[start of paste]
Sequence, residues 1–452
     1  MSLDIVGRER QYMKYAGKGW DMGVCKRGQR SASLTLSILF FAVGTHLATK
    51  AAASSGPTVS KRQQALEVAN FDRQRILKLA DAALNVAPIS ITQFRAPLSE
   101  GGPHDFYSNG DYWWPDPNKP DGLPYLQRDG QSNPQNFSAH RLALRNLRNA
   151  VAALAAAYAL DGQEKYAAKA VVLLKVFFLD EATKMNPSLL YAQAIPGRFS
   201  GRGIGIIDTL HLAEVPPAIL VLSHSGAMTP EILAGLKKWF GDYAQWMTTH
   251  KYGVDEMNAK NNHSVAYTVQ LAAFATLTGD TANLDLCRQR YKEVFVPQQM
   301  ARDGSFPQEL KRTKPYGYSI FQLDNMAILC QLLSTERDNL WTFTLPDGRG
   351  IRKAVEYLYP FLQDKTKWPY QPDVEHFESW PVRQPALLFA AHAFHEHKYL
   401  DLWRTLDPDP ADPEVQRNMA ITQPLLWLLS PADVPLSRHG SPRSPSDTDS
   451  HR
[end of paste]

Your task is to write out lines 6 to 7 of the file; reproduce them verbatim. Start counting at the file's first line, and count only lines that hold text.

   201  GRGIGIIDTL HLAEVPPAIL VLSHSGAMTP EILAGLKKWF GDYAQWMTTH
   251  KYGVDEMNAK NNHSVAYTVQ LAAFATLTGD TANLDLCRQR YKEVFVPQQM